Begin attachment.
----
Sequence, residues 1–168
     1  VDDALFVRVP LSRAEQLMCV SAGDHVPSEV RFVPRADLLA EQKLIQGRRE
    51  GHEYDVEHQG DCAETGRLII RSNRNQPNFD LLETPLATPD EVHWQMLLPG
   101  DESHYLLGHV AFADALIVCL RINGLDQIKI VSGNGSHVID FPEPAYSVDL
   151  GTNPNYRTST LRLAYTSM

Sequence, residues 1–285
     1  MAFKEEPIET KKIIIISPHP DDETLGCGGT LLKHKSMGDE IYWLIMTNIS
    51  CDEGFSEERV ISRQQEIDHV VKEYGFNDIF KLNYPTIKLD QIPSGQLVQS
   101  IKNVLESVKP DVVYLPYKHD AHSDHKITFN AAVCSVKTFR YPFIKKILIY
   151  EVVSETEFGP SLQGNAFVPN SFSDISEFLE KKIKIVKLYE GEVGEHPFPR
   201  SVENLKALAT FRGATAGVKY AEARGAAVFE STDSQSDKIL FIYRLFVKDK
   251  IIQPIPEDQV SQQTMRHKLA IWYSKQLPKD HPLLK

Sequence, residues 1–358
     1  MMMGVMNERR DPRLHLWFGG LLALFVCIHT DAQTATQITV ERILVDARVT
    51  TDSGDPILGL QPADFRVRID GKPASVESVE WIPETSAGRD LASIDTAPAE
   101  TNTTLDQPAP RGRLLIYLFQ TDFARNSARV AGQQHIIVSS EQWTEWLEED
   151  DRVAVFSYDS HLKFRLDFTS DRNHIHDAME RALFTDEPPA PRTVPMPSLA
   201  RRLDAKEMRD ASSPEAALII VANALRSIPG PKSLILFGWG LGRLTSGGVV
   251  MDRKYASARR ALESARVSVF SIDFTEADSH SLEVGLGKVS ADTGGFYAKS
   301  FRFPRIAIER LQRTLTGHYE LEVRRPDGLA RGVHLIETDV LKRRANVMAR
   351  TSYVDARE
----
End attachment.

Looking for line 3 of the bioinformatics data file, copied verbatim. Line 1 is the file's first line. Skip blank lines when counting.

    51  GHEYDVEHQG DCAETGRLII RSNRNQPNFD LLETPLATPD EVHWQMLLPG